But, even worse, as has been pointed out, no one really knows who you are. Some of you might not care, just take the check, start thinking of the future when you are released and no one picks you up or, on the other hand, make the most of any opportunity that presents itself and impress the team for whom you are playing or everyone else watching that needs a quarterback. But, please, not a team that needs another back-up. Frying pain into the fire would never have more meaning.

Who are these athletes, these men on the sidelines, these once well known college quarterbacks for whom tens of thousands cheered, hundreds of thousands over the years, and whose names resounded with admiration and potential for their respective futures in the NFL. What happened on that train ride? When did the derailment occur? Do you know who they are? Sure, Joe Webb has come out of the darkness and has a bright future ahead of him, thanks to injuries to Brett Favre and Tarvaris Jackson, along with Favre's pending retirement for the 18th time or so. Kevin Kolb is easy, the presumed starter until the desperate Eagles came up with their "forgiveness approach" and "everyone is entitled to a second chance" [especially when we need him to get Michael Vick out there]. But what of the rest? Donovan McNabb is now third string, a fixture in the NFL until "the trade" and now relegated to getting dressed because his contract calls for it, no other reason.

Do not go to the Internet for this. Do not cheat. Do not call your buddy that lives, eats, breathes NFL and knows everyone. Do not consult with your cousin, the fantasy maven. Do not do anything but try to match these back-up quarterbacks with the teams for which they play right now.

Obscurity works after you rob a bank. It might work in the NFL for a backup quarterback if he wants to rest a bit, no chance of getting hurt and likes watching. It does not for those that came to play, to establish a name, break some records, take bows, win titles, make an all-star game, maybe a Super Bowl, get some endorsements, be on a Wheaties box, play golf in a sports legends tournament, do what you are supposedly being paid to do. It is not very gratifying to know that others will be hanging up photos of themselves throwing the game winning pass, vaulting into the end zone on a run after a broken play, being held up on the shoulders of team-mates after winning a title or two, handling one press conference after another while you are looking a place to hang your now encased in glass clipboard.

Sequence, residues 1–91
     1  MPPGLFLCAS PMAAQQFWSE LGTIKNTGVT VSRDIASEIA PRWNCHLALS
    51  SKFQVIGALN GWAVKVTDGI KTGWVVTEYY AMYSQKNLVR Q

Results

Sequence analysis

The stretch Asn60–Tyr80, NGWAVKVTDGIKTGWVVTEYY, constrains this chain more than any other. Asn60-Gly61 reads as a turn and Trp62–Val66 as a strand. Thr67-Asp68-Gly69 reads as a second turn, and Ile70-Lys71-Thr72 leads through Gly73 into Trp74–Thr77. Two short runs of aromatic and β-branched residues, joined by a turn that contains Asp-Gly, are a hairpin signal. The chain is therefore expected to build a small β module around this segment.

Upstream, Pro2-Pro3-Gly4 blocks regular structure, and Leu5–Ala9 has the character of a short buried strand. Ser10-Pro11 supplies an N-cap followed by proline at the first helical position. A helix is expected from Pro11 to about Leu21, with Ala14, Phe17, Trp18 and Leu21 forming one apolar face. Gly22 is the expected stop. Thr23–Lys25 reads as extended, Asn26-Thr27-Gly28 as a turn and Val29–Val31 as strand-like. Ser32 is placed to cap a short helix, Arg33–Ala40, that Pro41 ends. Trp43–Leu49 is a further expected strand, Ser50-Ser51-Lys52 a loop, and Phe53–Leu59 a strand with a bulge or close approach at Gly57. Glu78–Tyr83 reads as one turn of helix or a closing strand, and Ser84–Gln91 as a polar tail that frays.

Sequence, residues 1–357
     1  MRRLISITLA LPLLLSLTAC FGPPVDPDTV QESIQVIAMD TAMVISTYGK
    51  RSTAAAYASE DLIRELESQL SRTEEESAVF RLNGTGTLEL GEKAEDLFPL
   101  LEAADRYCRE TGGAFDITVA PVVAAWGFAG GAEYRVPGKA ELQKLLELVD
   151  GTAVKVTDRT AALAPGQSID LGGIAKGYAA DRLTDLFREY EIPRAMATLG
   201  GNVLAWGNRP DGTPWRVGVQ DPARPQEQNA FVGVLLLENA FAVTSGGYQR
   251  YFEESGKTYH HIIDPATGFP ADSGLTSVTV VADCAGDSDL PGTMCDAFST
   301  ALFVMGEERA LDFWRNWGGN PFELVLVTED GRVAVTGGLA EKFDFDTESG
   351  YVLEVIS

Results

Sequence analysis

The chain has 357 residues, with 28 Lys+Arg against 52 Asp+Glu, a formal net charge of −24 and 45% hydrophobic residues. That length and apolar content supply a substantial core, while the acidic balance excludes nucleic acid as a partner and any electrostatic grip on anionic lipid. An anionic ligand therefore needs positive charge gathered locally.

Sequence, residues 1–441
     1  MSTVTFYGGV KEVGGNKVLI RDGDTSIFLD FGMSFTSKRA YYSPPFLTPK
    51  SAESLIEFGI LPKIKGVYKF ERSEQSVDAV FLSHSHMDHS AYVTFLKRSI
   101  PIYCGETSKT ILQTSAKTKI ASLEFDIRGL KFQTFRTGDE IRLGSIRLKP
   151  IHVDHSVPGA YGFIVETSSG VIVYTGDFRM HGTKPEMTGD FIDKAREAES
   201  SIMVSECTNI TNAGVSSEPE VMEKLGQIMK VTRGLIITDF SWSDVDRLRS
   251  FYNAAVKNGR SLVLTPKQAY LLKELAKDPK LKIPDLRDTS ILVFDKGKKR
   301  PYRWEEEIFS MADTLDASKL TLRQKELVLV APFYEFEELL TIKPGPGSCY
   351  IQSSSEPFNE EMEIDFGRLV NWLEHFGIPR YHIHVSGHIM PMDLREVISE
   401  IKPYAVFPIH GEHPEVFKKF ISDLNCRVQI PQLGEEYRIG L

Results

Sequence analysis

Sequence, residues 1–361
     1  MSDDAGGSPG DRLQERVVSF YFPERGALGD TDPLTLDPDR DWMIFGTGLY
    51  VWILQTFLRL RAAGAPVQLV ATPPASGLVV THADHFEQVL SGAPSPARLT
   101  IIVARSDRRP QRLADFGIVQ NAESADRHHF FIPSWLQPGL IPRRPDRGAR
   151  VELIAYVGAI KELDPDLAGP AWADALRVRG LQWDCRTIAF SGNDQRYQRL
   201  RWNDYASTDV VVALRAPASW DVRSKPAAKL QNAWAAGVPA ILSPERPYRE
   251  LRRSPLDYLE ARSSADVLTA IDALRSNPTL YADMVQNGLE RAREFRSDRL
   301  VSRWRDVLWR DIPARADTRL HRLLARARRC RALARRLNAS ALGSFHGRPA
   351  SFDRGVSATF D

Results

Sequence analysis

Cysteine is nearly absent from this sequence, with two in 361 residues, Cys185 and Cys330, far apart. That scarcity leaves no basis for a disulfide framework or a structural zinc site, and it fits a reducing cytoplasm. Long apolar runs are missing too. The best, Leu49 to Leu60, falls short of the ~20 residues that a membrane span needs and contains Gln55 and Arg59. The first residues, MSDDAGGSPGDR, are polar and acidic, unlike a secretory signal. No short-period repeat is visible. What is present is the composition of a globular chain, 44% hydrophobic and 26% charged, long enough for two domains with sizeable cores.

For the rest of you, the fans, take the test. Match 'em up!!

Arizona Brian Brohm
Atlanta Chad Pennington (injured)
Baltimore Brian Hoyer
Buffalo Mark Brunell
Carolina Marc Bulger
Chicago Jordan Palmer
Cincinnati Seneca Wallace
Cleveland Byron Leftwich
Dallas Dan Orlovsky
Denver Curtis Painter
Detroit Trent Edwards
Houston Chris Simms
Green Bay Kyle Orton
Indianapolis Brodie Croyle
Jacksonville Bruce Gradkowski (injured)
Kansas City Billy Volek
Miami Stephen McGee
Minnesota Sage Rosenfels
New England  Kevin Kolb
New Orleans John Beck (McNabb now 3rd string) 
NY Giants Patrick Ramsey
NY Jets Todd Collins
Oakland Drew Stanton
Philadelphia Matt Flynn
Pittsburgh Tarvaris Jackson (injured)
San Diego Chris Redman
San Francisco Brian St. Pierre
Seattle Chase Daniel
St. Louis Josh Johnson
Tampa Bay Derek Anderson
Tennessee A.J. Feeley
Washington Troy Smith
  Charlie Whitehurst
  Joe Webb


OK, how did you do? Be honest! You say you knew most of them?

I say you gotta be kidding!